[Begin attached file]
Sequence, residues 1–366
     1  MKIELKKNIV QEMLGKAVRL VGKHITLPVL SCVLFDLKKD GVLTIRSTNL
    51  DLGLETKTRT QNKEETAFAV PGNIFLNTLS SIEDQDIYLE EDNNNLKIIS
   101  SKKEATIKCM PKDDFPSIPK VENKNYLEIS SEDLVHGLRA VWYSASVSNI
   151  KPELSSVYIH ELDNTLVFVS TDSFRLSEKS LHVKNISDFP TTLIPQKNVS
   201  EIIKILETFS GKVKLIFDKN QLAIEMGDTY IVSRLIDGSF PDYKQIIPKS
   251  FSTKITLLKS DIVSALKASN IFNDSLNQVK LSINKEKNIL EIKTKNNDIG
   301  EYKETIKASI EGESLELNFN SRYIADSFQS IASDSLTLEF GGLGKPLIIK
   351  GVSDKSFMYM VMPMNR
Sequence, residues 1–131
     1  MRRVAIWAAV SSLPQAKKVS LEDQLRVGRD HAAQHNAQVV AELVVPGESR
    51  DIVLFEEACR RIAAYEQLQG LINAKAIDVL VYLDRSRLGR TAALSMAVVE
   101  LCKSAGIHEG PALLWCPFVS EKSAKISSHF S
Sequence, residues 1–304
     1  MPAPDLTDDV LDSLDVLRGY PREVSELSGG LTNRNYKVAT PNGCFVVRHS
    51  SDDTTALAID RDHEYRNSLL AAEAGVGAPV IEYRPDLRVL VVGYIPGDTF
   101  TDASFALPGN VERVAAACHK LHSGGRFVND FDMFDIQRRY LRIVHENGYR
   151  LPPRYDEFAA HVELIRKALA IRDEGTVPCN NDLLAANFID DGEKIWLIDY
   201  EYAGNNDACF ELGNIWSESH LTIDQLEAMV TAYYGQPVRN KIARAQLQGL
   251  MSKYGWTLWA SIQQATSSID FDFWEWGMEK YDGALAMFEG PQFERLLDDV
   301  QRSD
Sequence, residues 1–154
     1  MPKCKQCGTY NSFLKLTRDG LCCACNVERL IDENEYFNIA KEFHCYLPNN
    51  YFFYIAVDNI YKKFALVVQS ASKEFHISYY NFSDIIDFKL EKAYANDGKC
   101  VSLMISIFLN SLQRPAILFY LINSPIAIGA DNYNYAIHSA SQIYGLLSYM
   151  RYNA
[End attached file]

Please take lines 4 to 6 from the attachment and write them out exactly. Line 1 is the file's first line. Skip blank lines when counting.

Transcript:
   101  SKKEATIKCM PKDDFPSIPK VENKNYLEIS SEDLVHGLRA VWYSASVSNI
   151  KPELSSVYIH ELDNTLVFVS TDSFRLSEKS LHVKNISDFP TTLIPQKNVS
   201  EIIKILETFS GKVKLIFDKN QLAIEMGDTY IVSRLIDGSF PDYKQIIPKS